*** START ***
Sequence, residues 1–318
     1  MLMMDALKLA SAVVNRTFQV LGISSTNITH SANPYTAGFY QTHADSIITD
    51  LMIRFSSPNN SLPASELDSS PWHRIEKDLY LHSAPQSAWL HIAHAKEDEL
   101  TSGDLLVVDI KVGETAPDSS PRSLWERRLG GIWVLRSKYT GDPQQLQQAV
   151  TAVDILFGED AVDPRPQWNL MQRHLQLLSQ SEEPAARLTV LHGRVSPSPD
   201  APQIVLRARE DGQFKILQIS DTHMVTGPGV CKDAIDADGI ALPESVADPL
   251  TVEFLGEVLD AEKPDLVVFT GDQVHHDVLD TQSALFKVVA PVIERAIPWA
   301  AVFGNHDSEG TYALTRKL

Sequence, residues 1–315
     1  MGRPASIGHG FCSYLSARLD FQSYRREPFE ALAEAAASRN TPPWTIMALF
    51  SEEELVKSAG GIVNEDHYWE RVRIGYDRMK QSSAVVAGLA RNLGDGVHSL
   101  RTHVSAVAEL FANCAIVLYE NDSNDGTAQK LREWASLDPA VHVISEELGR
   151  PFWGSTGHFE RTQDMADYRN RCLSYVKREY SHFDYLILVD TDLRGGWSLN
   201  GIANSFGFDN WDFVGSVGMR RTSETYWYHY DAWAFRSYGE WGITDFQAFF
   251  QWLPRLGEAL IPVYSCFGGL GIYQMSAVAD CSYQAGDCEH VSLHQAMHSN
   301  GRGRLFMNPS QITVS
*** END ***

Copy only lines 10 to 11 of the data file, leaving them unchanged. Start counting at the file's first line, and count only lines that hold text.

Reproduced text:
     1  MGRPASIGHG FCSYLSARLD FQSYRREPFE ALAEAAASRN TPPWTIMALF
    51  SEEELVKSAG GIVNEDHYWE RVRIGYDRMK QSSAVVAGLA RNLGDGVHSL